Now the question is, who do I reconcile my affection for these people with my prejudice against similar people who live close to home? I guess I have some self-examination to do...
posted by klanawa at 3:09 PM on January 18, 2010 [2 favorites]

posted by klanawa at 3:09 PM on January 18, 2010

Some of these days, I'm going to go up into the Kentucky mountains, take my camera and take photos of native Appalachians smiling. No big deal, just simple photos of rural Kentuckians smiling.
posted by Mcable at 4:06 PM on January 18, 2010

Atreides, re the people with animals theme, did you see this set from his blog? Those are some of my favorites. That and the Napier family.

btw, I remember your good Appalachian voices post. There have actually been some great Appalachia posts on mefi - worth exploring for any who enjoyed this post.

lisa g, what a great experience. Thanks for sharing it. Interspersed in Adams' blog posts, there are a few photos that show him at work: shooting NayBug & Jamie and with the Slones.
posted by madamjujujive at 7:12 PM on January 18, 2010

I can wholeheartedly recommend the full length movie The True Meaning of Pictures, it is a great look at Adams' work. (short excerpt is the Appalachia link above). The doc explores the power and class dynamics (the politics of representation if you will) in a sensitive way that lets you in to the relationship between the photographer and his friends and subjects. The people he photographs in Appalachia are maligned and stereotyped - I'm glad Adams is there portraying their lives honestly and respectfully.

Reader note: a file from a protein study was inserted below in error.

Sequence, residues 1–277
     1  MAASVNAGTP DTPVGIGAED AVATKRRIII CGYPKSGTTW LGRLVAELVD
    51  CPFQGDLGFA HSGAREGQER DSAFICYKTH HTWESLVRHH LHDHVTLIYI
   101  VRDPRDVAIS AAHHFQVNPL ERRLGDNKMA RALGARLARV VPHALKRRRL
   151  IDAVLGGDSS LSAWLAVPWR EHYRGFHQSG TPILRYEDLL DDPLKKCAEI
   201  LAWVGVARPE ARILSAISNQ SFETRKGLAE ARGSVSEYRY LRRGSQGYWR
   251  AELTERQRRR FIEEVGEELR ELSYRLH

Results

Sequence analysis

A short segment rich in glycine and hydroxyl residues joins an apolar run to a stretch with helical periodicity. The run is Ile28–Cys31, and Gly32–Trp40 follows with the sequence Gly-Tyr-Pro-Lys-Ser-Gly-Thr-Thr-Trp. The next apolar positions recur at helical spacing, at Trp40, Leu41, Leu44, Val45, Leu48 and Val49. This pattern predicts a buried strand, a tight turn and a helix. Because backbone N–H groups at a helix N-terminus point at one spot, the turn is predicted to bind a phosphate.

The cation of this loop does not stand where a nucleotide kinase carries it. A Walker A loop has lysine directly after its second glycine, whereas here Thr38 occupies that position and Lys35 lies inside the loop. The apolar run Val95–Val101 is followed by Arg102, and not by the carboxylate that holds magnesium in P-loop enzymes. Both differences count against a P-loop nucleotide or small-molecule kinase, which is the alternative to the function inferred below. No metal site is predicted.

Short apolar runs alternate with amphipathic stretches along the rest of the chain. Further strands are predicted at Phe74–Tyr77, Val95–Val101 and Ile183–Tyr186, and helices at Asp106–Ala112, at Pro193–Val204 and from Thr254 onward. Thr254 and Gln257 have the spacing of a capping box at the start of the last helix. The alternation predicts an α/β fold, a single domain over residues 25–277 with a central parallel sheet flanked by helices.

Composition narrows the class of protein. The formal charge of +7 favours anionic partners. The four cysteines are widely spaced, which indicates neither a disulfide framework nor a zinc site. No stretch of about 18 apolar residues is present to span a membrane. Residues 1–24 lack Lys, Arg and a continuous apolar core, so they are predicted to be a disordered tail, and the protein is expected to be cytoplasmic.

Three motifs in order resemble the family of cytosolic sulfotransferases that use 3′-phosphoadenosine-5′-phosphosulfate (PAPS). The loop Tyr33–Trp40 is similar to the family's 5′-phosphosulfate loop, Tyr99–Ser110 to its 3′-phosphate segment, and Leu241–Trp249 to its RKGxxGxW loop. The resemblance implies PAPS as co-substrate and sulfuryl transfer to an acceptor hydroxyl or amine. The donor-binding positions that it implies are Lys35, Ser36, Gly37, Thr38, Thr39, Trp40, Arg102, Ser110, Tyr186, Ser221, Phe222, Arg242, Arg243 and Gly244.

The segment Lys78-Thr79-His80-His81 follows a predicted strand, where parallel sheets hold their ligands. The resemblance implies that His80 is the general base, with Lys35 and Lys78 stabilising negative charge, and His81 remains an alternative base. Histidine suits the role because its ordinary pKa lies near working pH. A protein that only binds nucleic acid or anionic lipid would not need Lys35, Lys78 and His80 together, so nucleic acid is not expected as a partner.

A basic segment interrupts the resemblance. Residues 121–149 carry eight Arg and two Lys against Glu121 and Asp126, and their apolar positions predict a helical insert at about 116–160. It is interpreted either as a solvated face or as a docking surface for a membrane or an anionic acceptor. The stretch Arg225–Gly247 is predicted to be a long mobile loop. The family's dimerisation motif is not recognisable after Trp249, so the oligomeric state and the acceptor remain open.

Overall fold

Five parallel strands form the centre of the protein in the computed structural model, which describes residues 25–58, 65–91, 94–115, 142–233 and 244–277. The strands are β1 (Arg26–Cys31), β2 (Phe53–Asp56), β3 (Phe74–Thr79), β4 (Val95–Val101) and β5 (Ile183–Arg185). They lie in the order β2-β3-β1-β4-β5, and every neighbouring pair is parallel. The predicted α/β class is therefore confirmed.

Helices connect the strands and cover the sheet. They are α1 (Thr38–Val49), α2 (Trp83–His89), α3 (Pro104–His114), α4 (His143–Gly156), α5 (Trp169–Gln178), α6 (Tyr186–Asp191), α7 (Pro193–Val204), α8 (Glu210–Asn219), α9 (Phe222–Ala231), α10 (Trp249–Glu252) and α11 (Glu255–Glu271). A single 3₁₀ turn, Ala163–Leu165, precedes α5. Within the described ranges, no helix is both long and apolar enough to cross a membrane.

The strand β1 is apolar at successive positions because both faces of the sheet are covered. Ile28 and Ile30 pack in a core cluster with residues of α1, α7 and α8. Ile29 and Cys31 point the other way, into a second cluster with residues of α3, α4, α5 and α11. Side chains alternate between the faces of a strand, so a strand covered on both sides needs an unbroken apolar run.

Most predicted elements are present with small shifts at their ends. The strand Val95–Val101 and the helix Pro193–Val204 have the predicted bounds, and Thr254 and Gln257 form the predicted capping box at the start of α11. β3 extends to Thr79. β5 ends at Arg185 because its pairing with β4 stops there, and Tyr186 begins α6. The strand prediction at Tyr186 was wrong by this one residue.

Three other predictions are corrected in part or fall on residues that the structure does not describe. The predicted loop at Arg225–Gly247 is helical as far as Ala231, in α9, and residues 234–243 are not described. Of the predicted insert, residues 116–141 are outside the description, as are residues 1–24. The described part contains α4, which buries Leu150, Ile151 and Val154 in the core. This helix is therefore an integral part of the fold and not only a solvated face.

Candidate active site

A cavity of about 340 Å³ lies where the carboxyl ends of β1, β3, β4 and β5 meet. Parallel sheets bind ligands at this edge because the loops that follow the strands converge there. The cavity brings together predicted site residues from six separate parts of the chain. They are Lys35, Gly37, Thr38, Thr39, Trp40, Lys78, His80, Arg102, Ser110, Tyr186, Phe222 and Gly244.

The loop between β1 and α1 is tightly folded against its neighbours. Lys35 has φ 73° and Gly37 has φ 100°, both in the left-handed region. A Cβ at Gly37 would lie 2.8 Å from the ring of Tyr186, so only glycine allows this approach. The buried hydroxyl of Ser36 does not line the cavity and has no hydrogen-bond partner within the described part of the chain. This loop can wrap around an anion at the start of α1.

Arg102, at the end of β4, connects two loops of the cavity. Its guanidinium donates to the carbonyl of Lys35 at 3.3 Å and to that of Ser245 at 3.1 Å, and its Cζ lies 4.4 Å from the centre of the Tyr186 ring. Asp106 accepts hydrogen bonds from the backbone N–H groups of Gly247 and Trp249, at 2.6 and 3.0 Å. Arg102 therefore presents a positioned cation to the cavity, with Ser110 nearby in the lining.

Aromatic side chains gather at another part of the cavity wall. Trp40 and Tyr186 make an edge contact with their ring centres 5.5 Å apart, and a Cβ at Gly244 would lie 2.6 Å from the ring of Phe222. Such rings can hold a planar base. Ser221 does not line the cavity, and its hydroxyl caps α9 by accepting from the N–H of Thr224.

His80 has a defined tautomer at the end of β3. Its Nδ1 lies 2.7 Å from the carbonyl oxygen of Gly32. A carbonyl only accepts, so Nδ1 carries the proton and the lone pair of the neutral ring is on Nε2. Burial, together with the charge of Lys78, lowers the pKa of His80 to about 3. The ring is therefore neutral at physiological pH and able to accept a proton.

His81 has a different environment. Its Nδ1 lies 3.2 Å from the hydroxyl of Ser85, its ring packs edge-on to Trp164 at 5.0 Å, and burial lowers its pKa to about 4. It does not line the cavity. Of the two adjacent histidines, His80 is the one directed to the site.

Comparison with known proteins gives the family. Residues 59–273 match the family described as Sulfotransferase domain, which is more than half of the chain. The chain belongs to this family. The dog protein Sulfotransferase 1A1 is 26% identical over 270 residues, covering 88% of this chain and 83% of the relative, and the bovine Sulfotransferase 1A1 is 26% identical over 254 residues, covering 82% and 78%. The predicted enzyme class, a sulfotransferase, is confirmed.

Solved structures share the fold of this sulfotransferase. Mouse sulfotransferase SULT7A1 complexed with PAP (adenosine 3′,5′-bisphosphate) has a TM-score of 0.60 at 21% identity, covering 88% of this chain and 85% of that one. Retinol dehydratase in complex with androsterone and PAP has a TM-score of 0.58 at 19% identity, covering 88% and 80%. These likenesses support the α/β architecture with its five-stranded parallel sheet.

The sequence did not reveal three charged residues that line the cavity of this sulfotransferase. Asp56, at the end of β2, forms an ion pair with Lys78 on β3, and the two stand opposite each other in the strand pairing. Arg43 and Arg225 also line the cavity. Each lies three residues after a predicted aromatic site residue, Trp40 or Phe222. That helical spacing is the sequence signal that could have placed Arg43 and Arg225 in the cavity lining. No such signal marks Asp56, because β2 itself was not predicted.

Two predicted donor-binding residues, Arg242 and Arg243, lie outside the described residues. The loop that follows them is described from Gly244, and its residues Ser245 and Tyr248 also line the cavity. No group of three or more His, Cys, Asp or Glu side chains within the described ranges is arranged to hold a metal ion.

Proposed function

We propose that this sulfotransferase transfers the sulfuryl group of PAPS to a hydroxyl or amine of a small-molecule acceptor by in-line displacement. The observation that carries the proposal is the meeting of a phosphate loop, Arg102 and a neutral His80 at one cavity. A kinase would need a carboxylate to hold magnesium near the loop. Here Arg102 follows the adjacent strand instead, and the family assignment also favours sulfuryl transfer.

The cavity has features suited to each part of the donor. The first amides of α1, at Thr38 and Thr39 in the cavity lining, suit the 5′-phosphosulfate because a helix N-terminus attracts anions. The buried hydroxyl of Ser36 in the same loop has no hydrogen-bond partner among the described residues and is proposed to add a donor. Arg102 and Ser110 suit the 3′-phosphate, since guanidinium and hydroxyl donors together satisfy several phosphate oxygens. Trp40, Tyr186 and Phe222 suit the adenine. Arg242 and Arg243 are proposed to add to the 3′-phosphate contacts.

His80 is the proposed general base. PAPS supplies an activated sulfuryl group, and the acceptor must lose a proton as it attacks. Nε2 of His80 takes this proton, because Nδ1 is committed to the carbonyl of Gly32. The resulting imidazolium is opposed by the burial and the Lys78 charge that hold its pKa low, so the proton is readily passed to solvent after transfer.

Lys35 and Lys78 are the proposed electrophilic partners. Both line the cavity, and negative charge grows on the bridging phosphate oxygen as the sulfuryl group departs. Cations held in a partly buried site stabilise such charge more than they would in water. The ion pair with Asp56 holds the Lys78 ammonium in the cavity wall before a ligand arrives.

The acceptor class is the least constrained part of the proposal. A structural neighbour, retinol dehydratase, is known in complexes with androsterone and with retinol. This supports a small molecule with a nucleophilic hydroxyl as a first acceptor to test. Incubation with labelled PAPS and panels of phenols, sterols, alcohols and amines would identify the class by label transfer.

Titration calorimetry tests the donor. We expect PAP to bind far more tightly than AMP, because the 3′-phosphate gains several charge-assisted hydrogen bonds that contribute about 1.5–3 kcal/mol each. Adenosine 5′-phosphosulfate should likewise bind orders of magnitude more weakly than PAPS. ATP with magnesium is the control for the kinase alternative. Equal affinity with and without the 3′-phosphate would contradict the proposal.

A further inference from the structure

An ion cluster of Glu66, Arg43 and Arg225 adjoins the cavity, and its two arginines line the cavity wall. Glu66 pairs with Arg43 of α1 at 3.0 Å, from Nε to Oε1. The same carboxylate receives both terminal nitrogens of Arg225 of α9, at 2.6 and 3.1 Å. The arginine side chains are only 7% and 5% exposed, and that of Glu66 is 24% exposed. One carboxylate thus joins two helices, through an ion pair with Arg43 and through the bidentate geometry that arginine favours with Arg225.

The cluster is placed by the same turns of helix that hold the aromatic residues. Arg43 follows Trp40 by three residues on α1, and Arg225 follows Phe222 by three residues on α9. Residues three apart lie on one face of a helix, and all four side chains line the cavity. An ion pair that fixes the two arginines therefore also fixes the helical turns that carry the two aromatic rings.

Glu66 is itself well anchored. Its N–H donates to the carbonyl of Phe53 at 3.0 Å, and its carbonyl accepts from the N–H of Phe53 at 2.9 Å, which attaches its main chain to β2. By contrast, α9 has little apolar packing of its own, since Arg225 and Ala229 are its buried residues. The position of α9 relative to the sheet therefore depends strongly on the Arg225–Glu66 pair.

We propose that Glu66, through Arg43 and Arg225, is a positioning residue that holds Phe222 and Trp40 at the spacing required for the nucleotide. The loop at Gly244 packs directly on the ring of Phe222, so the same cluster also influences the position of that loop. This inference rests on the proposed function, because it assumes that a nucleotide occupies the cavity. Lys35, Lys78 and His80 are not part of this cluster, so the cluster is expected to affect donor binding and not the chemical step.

(and hey, while I'm here - the filmmaker who did "The True Meaning of Pictures" has also made another fantastic movie called Manufactured Landscapes)

I'm totally going to check out the Picture Man, thanks for posting M Jujujive.
posted by Joad at 8:52 PM on January 18, 2010 [1 favorite]

madamjujujive, thanks for pointing to the specific blog section on the animals. I had somehow missed it, though some of the photos had appeared elsewhere in the links.

I really wish he had a collection documenting the hog slaughtering. My grandfather left an oral history of his life and referred to his interest in that period of the year as, "When I wanted to stay home and help, I had to go to school. When I was old enough and had to stay home and help, I wanted to go to school!" Not to mention, an aside as to how they would tie the pig bladders, which could then be turned into balloons.

Needless to say, there are many aspects to my grandfather's and ancestors' lives that I want to learn and see more about. At least some of these photos have helped in that regard.

As the child of what I've seen some refer to as "urban Appalachians," folks from Appalachia who have moved out of the mountains, I feel quite a gulf between myself, my upbringing, and my ancestral heritage. One of the greatest extents that my parents raised me with regard to their world is simply pronouncing hollow as "holler." That's not to say that they grew up in circumstances like the subjects and friends of Mr. Adams, you have to go back another generation to find that type of living. However, I feel a sense of loss that I don't nearly have that strong a connection that I should, had I been born in the mountains, instead of beyond them. As a result, I try and learn and educate myself as much as I can about Appalachia and my own family history and culture. So again, thanks for assisting in that.
posted by Atreides at 10:47 AM on January 19, 2010 [2 favorites]